HUNTING EASTER EGGS IN HAMLET
Hunting Easter Eggs has become such a tradition. Why did Shakespeare start it?
Today is Easter Sunday 16th April 2017, exactly one year since, as I said in Shakespeare’s Revelation, I realised how Macbeth was such a key play in telling us how Shakespeare hides ‘ingredients in the cauldron’ to add subliminal spice to his plays. Like hidden Easter Eggs, as opposed to plot lines and themes, ingredients seem to be sprinkled at random. Bizarrely, they seem mostly to be hidden references to Old Testament prophesies regarding the crucifixion and resurrection of Jesus Christ!
I was on the loo this morning, feeling a bit rough after wrestling with a virus all night, and, as one does, to pass the time, I picked up a copy not of Macbeth, but Hamlet. It fell open at random at the part in Act 4.5 where, seemingly mad, Ophelia enters and has a moment or two with Gertrude and Claudius. Her rantings are ambiguous, oblique, and make little apparent sense — unless you know Shakespeare’s hidden agenda.
‘Where is the beauteous Majesty of Denmark?’, she wonders. As the thesis in the book asserts, Denmark now symbolises Eden, and Ophelia the soul of Hamlet (Christ), thus she is obliquely, sarcastically, accusing Gertrude and Claudius of having usurped the true King, the Christ.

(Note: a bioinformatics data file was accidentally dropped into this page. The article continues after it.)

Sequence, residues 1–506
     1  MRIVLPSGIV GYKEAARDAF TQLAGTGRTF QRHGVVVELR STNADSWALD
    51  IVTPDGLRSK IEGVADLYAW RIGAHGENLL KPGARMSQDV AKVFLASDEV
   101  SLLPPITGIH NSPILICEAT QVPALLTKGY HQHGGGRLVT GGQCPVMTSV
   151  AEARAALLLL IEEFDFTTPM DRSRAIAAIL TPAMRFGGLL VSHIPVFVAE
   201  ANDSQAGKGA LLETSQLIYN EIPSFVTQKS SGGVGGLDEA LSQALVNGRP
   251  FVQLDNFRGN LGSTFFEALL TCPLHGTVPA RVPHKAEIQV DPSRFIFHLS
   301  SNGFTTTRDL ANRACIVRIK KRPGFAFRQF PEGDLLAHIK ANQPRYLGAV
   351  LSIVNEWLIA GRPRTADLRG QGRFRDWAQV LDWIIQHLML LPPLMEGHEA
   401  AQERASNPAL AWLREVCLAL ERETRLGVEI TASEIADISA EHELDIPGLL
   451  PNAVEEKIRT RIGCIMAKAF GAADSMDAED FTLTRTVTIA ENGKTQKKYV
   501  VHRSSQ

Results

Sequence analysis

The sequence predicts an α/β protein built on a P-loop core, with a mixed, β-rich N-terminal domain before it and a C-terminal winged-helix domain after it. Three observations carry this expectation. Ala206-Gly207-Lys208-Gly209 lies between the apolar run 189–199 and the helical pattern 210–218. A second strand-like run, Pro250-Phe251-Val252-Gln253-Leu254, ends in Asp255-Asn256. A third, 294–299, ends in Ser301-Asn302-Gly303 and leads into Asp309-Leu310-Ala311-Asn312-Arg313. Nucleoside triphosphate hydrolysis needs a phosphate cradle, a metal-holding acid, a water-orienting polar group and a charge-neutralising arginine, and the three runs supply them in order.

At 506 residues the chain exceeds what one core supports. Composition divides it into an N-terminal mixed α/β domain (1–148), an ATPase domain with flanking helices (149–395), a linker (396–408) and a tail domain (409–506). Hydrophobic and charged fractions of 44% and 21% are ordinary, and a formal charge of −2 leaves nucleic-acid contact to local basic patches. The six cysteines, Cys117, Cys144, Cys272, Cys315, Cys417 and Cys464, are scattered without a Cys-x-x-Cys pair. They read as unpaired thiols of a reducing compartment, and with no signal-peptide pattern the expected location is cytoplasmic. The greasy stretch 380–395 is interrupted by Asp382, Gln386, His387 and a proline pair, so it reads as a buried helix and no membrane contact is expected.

How do we know this? Hidden in the cadence, she chants:
‘How should I your true love know from another one?’ — How do I tell true love from false?
‘By his cockle hat and staff, and his sandal shoon.’ — By his humble crown, rod of power, and sandals on his feet. Jesus Christ, in other words.
‘He is dead and gone Lady, he is dead and gone, at his head a grass-green turf, at his heels a stone.’
By referring to the recent burial of her father Polonius, she also alludes to the (romantically dubbed) ‘green hill’ of Calvary and the stone symbolising the rock, the Word of God.
‘White his shroud as the mountain snow.’
Now we have the muslin shroud said to have covered the body of Christ. The entire speech is peppered with ingredients, but, if you have any doubt left to whom she is alluding, this clinches it, especially for Easter Sunday egg hunting:
‘Then up he rose, and donn’d his clothes, and dupped (opened up) the chamber door (tomb)’.
I rest my case — it was getting so heavy. Happy Easter Egg Hunting.